My goddaughter yearns for a wedding cake to serve 120 that exactly replicates a beloved old family recipe for spice layer cake. The proportions are different than the Cake Bible ones: main ingredients for two 8” layers are 3/4 cup butter, 1-1/2 cups sugar, 3 eggs, 1-3/4 cups flour, 3/4 cup buttermilk, 2 tbs cocoa powder. Can I just multiply or divide this for layers of 12, 9, and 6 inches if I use the Rose factor for leavening? Do I multiply the various spices and extracts exactly, or do they need adjustment? She also wants the traditional confectioner’s sugar/butter chocolate icing—does that work on a big cake? Any suggestions for decorating it?
My advice is to experiement with the extreme sizes. Do one 12-inch layer, and one 6-inch layer, using the Rose Factor and keeping your spices and extracts proportional. See if the texture and taste is what you want.
Your icing sounds as if it will work. I personally like confectioner’s sugar icing. Regarding the decoration, I can’t give you specific suggestions unless I know what season and theme we’re talking about. As a general rule, though, I think fresh flowers is the way to go.
Thanks—this is helpful. It’s a May wedding, but we haven’t gotten much farther than that—simple and casual, in a party space or loft of some kind, probably not a poofy dress. But I was more curious about what I could do with a chocolate confectioners’ sugar icing and what would go with it—I’m a neclassic buttercream girl myself and don’t even know if there will be problems with icing sliding or layers slipping, for instance.
My experience with confectioner’s sugar icing is that it will hold layers together. You could divide the experimental 12-inch layer in half and stack it with some of the icing, and see how well it holds. For a May wedding, I would personally go with a white or off-white icing, decorated with spring or early summer flowers. A chocolate exterior is something that I associate with fall or winter. It might work if you use daisies, or something spring-y like that. This is just my personal opinion. The final decision rests with the bride, of course.
I am certainly not a cake expert, but I think Christine’s idea of experimenting sounds like a very good suggestion indeed! If you run into problems along the way, by all means come back and ask. I know there are lots of folks here who will be glad to help.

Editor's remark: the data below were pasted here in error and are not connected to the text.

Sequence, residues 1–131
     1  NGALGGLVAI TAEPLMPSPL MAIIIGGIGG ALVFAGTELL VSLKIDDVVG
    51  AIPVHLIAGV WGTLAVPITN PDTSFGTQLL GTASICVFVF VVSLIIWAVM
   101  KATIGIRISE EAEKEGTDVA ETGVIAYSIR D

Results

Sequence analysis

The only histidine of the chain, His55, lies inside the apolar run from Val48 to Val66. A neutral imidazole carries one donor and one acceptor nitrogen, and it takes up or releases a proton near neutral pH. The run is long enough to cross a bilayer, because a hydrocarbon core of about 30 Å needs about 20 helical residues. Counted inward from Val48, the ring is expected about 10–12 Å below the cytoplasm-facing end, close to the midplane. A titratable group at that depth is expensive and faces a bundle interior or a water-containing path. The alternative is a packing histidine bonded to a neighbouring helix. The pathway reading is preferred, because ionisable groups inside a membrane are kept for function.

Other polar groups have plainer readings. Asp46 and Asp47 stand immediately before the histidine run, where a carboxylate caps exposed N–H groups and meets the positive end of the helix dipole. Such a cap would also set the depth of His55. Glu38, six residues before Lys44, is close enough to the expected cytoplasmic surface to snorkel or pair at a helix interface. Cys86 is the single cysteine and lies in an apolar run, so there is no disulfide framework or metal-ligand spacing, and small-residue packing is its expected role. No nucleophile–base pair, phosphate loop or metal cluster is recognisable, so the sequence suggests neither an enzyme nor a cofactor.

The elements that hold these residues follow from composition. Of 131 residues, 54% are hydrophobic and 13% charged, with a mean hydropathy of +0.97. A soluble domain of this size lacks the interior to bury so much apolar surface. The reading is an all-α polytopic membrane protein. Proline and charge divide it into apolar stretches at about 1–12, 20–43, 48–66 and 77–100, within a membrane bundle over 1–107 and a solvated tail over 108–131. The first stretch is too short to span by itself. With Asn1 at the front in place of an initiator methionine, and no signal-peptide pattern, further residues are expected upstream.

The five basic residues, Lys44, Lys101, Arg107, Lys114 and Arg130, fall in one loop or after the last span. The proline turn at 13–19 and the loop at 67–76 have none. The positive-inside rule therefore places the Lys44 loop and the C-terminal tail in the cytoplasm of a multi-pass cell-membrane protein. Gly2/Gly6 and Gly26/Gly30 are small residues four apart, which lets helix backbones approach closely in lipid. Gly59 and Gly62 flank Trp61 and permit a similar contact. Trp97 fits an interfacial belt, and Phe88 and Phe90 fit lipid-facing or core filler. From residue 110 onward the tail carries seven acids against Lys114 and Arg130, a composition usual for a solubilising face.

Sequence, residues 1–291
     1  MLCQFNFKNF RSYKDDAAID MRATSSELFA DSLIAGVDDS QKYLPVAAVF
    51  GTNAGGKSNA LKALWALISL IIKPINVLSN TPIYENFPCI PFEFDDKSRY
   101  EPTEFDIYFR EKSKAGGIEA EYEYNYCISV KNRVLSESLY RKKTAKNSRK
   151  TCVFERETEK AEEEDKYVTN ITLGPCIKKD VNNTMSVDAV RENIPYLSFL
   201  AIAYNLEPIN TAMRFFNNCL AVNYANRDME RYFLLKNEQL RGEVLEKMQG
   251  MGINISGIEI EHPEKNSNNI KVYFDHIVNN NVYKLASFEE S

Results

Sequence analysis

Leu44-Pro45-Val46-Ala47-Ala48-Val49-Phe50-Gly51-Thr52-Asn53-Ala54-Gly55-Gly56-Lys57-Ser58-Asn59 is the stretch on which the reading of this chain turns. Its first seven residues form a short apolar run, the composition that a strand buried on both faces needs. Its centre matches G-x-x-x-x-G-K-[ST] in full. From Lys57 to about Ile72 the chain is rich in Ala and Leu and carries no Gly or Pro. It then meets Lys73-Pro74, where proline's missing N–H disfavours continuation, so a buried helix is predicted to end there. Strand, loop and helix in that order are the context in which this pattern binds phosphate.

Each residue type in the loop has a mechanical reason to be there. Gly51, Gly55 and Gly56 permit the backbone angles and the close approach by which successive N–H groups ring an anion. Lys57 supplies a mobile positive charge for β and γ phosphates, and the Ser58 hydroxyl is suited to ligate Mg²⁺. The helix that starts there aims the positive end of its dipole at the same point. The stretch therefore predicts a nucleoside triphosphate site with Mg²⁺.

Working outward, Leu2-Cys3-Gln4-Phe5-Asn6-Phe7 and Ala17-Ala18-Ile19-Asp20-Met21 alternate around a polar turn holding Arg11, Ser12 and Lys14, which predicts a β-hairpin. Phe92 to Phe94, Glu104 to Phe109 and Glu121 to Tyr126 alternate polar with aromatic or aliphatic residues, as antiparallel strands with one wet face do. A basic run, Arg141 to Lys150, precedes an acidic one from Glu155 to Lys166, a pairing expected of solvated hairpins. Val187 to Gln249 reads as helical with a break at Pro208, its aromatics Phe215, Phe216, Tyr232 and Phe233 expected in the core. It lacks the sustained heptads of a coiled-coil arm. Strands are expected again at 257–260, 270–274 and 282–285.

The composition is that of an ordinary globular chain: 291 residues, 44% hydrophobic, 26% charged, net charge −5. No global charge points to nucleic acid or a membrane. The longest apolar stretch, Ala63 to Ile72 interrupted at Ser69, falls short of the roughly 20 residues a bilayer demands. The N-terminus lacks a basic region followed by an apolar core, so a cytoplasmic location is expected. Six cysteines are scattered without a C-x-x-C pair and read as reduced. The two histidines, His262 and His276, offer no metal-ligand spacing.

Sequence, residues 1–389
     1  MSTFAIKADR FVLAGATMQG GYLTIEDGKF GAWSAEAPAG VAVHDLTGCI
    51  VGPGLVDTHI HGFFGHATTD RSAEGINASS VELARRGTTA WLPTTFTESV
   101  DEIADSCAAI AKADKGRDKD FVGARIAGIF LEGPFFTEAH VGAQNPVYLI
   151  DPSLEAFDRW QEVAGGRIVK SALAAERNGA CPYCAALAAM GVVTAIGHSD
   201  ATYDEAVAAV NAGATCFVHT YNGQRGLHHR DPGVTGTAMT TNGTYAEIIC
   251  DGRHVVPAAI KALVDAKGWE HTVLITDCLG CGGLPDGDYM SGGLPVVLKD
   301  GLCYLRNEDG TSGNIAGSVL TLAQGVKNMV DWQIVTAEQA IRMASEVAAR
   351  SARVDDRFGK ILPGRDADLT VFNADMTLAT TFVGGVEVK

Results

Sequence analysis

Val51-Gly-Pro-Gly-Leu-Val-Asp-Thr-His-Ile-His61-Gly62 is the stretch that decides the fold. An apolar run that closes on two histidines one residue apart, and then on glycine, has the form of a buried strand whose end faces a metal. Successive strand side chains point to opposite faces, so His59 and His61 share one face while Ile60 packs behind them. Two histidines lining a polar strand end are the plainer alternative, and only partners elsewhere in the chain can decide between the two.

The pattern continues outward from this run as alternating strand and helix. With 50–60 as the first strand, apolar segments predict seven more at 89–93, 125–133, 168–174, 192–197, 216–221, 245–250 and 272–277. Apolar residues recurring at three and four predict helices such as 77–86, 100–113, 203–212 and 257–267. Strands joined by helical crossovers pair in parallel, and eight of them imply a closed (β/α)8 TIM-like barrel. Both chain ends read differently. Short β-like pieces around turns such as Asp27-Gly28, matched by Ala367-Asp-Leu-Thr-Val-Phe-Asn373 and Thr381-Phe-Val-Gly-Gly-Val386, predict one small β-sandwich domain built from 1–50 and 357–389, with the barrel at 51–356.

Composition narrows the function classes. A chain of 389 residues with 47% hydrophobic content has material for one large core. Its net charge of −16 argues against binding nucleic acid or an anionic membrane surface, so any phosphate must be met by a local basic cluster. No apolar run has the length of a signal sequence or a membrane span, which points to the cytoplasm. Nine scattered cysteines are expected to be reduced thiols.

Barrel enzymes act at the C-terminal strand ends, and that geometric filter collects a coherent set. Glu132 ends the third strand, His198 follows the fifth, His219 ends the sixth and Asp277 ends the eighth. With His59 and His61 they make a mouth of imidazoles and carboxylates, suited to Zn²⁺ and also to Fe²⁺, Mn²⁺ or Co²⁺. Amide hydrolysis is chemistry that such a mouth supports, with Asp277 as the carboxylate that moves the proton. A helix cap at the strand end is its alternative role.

A wedding cake made from a loved family cake recipe is a nice thing to do!!!
A guide to start is to compare the amount of baking powder Rose uses on her chart for a 8” cake to your original 8” cake. Find the ratio between Rose’s 8” cake and your 8” cake, then multiply this ratio for Rose’s 6” and 12” cake.
Also, I would start baking 25-50oF lower than your recipe, then once the cake has risen, increase the temperature. This is what bakeries do since mostly they have only 1 recipe, and they need to accommodate all sizes. Conversely, you can start with the original temperature, and keep and eye on the cake, if you see the cake rising too fast or too unevenly, immediately lower the temperature.
Here’s my $0.02, having recently made my my first (and possibly only!) wedding cake.
I made a spreadsheet of the ingredients vs the Rose Factor (RF) for the different sized pans I was using (6in, 9in, 12in rounds, plus a 12x18in sheet). I found it to be an indispensable aide in keeping track of everything, especially since I was making some major adjustments to be base recipe in The Cake Bible. (My cousin asked for a marble cake, so I had to figure out chocolate amounts to add, and convert the recipe from egg yolks to whole eggs).
Since most of the ingredients will be straight multiplication (except for the baking powder, where things get hairy), you can tweak one ingredient and the spreadsheet does the math. If you ever need to do a different sized cake, you can refer to the RF’s in The Cake Bible for the correct amounts.
Send me a private message and I can send you the spreadsheets I used for a marble cake. I’ve shared them with a few people here and haven’t heard about any disasters from someone using them
This may sound like heresy to most of you, but I think you can get away with not having to recalculate the leavening for this particular cake. I think one batch will fill a 12” round pan and have a bit left for a cupcake or two. Another batch can be made for filling three 6” pans, or try to fill one 9” and one 6” pan.
A pastry chef friend of mine has been doing this with recipes from various places (ones we got at school that are already scaled up for 20 or 40 qt mixer, scaling them down for home use) or from recipe sites (specifically the Guiness Stout cake from the epicurious site) and she has not had a single failure. So I’ve tried it a few times, and it works. She’s at sea level so if you are at an altitude, the surface tension on a bigger pan will cause a failure more than the leavening. (A smaller pan will bake fine, a larger pan may sink in the middle after baking. This happened to someone I know in New Mexico and I had never given the physics of baking a thought when he was trying to figure out the problem!
So, the next time you’re baking this recipe, try it in a 12” pan and see how it performs for you. If it doesn’t work, you can adjust the leavening (baking powder. Soda is probably used to balance the acidity of the batter, with the cocoa and buttermilk.)
I have to chime in a bit here, and go along with Jeanne to some extent… I’ve made many of Rose’s double layer cake recipes, but baked them in a a single layer (11x15 pan) without recalculating the baking powder - they always turn out fine.